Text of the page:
2.1.2 Connection Establishment

   A BEEP connection MUST be established prior to establishing an EPP
   session.  The SRV algorithm [6] is used to determine the TCP/IP
   addressing information assigned to the peers; i.e.:

      *       Service:  "epp"
      *       Protocol: "tcp"

   On successful establishment of a BEEP connection, the greeting returned
   by the server must include an EPP profile, and optionally TLS and/or
   SASL profile(s).




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   Example: Identification of EPP profile after BEEP session establishment

   L: <wait for incoming connection>
   L: <open connection>
   L: RPY 0 0 . 0 252
   L: Content-Type: application/beep+xml
   L:
   L: <greeting>
   L:      <profile uri="http://invalid.tld/beep/epp" />
   L:      <profile uri="http://xml.resource.org/profiles/TLS" />
   L:      <profile uri="http://xml.resource.org/profiles/sasl/OTP" />
   L: </greeting>
   L: END
   I: RPY 0 0 . 0 51
   I: Content-Type: application/beep+xml
   I:
   I: <greeting/>
   I: END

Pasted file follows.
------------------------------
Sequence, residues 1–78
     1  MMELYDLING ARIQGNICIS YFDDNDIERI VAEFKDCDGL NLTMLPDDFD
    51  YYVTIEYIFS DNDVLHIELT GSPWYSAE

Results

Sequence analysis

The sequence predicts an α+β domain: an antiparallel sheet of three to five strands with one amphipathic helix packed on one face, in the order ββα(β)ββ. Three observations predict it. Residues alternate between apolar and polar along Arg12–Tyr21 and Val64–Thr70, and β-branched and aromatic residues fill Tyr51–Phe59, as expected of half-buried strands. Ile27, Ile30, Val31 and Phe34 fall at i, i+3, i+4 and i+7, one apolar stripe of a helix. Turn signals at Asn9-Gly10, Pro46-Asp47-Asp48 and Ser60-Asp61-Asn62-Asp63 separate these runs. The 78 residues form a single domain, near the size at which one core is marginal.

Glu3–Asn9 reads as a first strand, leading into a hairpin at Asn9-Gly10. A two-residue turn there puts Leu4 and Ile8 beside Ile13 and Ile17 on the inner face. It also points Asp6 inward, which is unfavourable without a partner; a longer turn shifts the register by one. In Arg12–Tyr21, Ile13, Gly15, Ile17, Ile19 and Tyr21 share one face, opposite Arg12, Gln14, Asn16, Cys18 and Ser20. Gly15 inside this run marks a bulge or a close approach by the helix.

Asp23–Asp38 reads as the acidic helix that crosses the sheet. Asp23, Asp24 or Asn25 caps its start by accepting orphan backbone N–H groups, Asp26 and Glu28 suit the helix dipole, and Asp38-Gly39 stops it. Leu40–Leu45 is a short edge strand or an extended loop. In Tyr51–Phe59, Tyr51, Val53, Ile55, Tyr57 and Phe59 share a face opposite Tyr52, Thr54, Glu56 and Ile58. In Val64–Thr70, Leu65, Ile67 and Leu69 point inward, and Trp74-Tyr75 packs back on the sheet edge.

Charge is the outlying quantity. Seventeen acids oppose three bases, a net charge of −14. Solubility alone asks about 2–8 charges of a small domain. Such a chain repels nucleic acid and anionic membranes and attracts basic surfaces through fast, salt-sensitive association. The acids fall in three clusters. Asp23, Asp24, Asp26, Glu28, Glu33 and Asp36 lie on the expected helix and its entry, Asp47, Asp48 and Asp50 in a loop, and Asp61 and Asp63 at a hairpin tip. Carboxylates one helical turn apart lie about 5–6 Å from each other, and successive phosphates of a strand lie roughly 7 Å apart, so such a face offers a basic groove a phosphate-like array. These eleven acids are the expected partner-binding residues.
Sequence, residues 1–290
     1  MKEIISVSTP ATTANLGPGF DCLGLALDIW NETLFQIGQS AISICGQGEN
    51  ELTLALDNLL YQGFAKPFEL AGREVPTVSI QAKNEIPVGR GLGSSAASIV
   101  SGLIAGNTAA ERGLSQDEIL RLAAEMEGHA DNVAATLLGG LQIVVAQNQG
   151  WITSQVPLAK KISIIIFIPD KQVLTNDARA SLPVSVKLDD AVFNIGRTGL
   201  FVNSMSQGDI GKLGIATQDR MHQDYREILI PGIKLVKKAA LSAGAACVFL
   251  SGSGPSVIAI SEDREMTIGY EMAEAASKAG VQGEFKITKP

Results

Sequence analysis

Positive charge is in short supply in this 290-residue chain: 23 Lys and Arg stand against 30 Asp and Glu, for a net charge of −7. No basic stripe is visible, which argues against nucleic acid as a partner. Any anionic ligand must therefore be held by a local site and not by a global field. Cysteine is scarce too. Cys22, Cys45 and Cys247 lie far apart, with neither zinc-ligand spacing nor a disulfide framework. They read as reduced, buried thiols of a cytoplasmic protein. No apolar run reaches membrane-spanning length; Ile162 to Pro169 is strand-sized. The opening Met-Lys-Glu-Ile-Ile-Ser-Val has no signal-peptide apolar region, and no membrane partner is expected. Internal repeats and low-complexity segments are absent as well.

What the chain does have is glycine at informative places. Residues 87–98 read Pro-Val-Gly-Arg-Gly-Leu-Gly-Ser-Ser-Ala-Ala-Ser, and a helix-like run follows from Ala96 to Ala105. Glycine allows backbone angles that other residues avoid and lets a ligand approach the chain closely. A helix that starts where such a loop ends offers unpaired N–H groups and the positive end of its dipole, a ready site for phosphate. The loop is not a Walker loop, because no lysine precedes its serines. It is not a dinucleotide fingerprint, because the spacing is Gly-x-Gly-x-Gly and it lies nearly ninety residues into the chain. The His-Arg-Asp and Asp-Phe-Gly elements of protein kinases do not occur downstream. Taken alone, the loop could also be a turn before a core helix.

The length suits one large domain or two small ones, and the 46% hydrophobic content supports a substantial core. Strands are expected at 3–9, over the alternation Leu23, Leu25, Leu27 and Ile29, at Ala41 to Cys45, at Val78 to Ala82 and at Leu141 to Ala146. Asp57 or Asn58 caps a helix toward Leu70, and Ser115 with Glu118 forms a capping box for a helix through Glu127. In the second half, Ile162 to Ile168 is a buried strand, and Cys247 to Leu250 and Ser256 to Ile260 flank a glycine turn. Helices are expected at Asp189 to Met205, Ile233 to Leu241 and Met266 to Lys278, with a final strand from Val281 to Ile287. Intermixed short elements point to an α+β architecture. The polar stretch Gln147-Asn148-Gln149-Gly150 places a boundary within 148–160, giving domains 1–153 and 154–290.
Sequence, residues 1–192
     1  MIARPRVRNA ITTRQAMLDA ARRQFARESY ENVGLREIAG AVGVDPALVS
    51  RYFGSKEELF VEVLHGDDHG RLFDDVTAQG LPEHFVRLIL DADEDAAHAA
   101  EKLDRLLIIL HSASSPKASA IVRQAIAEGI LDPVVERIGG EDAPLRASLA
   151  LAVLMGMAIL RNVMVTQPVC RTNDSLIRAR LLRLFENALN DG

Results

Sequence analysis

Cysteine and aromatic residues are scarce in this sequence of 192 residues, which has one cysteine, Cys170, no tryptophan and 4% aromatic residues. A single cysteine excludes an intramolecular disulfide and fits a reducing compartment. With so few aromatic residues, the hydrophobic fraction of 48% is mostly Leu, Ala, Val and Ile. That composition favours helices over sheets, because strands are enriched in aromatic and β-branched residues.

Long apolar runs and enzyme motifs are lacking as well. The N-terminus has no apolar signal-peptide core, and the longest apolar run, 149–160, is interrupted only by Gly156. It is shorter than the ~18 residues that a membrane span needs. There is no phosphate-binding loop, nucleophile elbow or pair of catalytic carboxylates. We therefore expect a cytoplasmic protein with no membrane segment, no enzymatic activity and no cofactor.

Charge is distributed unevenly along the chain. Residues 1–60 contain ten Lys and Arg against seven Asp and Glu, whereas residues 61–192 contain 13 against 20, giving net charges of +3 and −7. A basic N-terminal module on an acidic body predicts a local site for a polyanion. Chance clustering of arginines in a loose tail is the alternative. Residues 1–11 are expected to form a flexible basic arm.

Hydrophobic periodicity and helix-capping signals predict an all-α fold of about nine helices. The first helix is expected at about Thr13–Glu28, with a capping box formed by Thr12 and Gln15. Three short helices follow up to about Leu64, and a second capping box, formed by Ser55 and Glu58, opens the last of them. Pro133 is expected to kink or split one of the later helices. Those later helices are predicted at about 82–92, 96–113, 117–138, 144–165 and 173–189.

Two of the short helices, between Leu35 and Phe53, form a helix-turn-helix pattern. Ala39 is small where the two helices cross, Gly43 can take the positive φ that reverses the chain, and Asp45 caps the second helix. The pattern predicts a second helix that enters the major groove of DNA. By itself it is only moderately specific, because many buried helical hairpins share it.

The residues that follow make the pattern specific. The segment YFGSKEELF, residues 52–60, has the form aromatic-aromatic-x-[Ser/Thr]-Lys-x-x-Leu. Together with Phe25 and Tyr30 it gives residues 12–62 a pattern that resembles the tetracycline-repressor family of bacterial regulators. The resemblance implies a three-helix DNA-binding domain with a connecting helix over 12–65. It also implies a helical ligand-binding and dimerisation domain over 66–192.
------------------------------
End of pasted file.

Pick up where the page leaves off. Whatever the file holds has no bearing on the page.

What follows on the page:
2.1.3 Authentication & Confidentiality

   Authentication is a matter of provisioning for each BEEP peer. Peer
   authentication/User authentication is performed using one of the BEEP
   security and authentication service profiles, such as SASL, after a
   successful negotiation during greeting exchange. Whenever a
   successful authentication occurs, on any channel, the authenticated
   identity is updated for all existing and future channels on the BEEP
   session; further no additional attempts at authentication are
   allowed.

   Confidentiality is a matter of provisioning for each BEEP peer and is
   achieved by transport layer security, such as TLS. Typically, any
   data considered sensitive by an originating peer would have its
   content encrypted for the intended recipient peer, rather than
   relying on hop-by-hop encryption. Similarly, an originating peer will